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Alberta, British Columbia, Oregon, Washington

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 Back  Vignettes | British Columbia | April/May 2017

By Robin Laurence

MATISSE DRAWINGS Audain Art Museum, Whistler, Feb 25-May 22 Curated by American painter and printmaker Ellsworth Kelly from the Pierre and Tana Matisse Foundation Collection, this exhibition features 45 drawings from across nearly five decades of Henri Matisse’s career. One of the most acclaimed artists of the early 20th century, Matisse was noted not only for his expressive use of colour and pattern, but also for the fluency of his line. The show also includes nine lithographs by Kelly.

BRIGITTA KOCSIS: CONTINGENT BODIES grunt gallery, Vancouver, Mar 3-Apr 15 Born in Sárospatak, Hungary and based in Vancouver, Brigitta Kocsis has experimented with a range of art forms, including large-scale, multimedia installations and video. Her new paintings combine figurative and abstract elements and focus on bodies in states of transformation, suggesting both physical and psychological exile. Kocsis also uses her figures to address sexual and cultural identity, and to play with ideas of cyborgs, biotechnology and the post-human.

NPAC PICTURES OF THE YEAR Pendulum Gallery, Vancouver, Mar 20-Apr 14 This show, from the News Photographers Association of Canada, celebrates excellence in photojournalism. Finalists in the 10th annual National Picture of the Year Awards compete in 13 categories, from “Social Issues” to “Sports.” Their works span the globe, catching people at work and at play, in wartime and peacetime, in hospitals, markets, shipyards and refugee camps. Each tells a compelling story, evincing the highest standards of photojournalistic practice.

VICTOR JOHN PENNER: DISTRICT* (*based on a true story) West Vancouver Museum, West Vancouver, Mar 29-May 6 Taken with a large format camera, Victor John Penner’s colour photographs present what curator Darrin Morrison describes as “a counter-narrative” to the nature-based images we usually associate with Vancouver’s North Shore. Shots of urban and suburban spaces offer eerie readings of the built environment, from graffiti-covered walls to a deserted parking lot at night to a ragged net in an empty gymnasium. Accompanied by a handsome and illuminating catalogue.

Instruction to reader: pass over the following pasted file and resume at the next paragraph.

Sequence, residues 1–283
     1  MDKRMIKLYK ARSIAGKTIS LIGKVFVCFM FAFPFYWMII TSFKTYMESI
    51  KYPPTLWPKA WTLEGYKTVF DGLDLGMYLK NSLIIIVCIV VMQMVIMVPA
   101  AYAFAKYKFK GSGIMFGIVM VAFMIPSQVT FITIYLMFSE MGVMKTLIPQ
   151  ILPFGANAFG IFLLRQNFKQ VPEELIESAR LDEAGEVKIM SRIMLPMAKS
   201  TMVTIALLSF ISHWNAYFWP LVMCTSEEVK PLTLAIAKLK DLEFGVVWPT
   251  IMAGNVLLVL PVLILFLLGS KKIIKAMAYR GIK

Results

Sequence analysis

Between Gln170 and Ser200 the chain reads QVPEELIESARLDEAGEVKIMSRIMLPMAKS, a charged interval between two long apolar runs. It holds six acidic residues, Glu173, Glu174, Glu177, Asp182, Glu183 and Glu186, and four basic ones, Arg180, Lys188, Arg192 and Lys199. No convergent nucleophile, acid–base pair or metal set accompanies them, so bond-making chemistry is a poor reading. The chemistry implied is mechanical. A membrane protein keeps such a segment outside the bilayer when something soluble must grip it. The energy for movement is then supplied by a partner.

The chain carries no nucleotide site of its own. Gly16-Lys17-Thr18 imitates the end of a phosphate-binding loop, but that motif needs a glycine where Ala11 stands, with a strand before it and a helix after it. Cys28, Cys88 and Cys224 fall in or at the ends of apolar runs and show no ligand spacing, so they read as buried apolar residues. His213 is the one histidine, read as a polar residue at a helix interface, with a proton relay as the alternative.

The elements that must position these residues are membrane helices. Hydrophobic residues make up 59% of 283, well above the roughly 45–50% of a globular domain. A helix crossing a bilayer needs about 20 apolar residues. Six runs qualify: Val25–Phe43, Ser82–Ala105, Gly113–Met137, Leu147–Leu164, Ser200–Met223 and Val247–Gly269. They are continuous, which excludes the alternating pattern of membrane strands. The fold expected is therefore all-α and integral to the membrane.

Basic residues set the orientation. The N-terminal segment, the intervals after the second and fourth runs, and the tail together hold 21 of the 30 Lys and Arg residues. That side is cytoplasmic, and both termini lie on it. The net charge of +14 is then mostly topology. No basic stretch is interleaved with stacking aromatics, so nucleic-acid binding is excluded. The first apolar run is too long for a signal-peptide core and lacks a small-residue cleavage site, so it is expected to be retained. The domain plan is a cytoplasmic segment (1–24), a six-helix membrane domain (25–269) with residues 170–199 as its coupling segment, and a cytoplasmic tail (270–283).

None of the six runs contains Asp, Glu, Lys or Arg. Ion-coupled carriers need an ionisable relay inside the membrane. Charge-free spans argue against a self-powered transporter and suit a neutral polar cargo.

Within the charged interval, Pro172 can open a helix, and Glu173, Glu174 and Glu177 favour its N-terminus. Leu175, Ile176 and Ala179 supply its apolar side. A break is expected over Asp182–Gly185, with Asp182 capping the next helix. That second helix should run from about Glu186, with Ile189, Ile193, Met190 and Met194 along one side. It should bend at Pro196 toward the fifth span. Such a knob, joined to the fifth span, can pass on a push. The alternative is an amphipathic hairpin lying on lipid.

SONG OF THE OPEN ROAD Contemporary Art Gallery, Vancouver, Apr 1-Jun 18 Part of the 2016 Capture Photography Festival, this exhibition brings together 10 artists from Canada, Eritrea, Ireland, Sweden and the United States. Each approaches his or her relationship to the medium in an entirely different way. From Gerard Byrne’s evocations of American vernacular photography of the mid-20th century to Kelly Lycan’s installation based on an historic photograph of Alfred Stieglitz’s Gallery 291, the show questions the very nature of photographic practice.

GEORGE LITTLECHILD: WARRIOR Kimoto Gallery, Vancouver, Apr 8-Apr 29 In this new series of paintings, George Littlechild uses the image of “the Warrior” to express different world views and to defend stances on important socio-economic and environmental issues. Each of his 10 warriors also exemplifies the idea of the superhero and brings a special power to creating change in the world. Of Plains Cree descent, Littlechild is acclaimed for his brilliantly hued paintings and the positive messages they convey.

SUPERYOUNG Kamloops Art Gallery, Kamloops, Apr 8-Jul 1 This companion exhibition to Kids these days is composed of drawings, collages, textiles, sculptures and videos whose themes, subjects and aesthetics evoke youth and youth culture. The 12 artists featured here – including Cooper Battersby & Emily Vey Duke, Terrance Houle, and Roselina Hung – revel in a complex “imaginary” that ranges from the naïve to the romantic and from the humorous to the nostalgic.

JIM ADAMS: THE IRRETRIEVABLE MOMENT Surrey Art Gallery, Surrey, Apr 8-Jun 11 Longtime Douglas College instructor and community arts organizer and advocate, Jim Adams is represented here by a five-decade survey of his creative career. His representational paintings pose subjects in a state of ominous or humorous suspense – “the irretrievable moment,” Adams says, “when you’re committed to the action but the action hasn’t actually happened yet.” This is the first of a two-part retrospective exhibition developed with The Reach Gallery Museum in Abbotsford.

MARIANNE NICOLSON AWI’NAGISKASU: REAL LAND Nanaimo Art Gallery, Nanaimo, Apr 21-Jul 2 This solo exhibition surveys paintings, light-installations, and video work by leading Kwakwaka’wakw artist Marianne Nicolson. It also references the monumental pictograph she created near her ancestral village Gwa’yi. Informing many of Nicolson’s works are her concerns about “the waters that surround and course through the land, and that deeply affect the health of coastal communities.” During the show, Nicolson will also produce a new public artwork on the exterior of the gallery.

OF LAND AND SEA Circle Craft Gallery, Vancouver, May 4-Jun 4 Five textile artists participate in a show focused on nature-based themes and imagery. Curated by Kaija Rautiainen, recognized for her combination of traditional and digital weaving techniques, the show also includes Anni Hunt (textile vessels), Catherine Nicholls (textile and mixed-media art), Julie Pongrac (basketry), and Michelle Sirois-Silver (hand hooking and appliqué). Look for an appealing array of materials, colours, textures, forms, and surface design.

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Henri Matisse

Brigitta Kocsis
Brigitta Kocsis

J. Franson/CP
J. Franson/CP

Victor John Penner
Victor John Penner

Lisa Tan
Lisa Tan

George Littlechild
George Littlechild

Sarah Gotowka
Sarah Gotowka

Jim Adams
Jim Adams

Marianne Nicolson
Marianne Nicolson

Kaija Rautianen
Kaija Rautianen

 Tue, Apr 4, 2017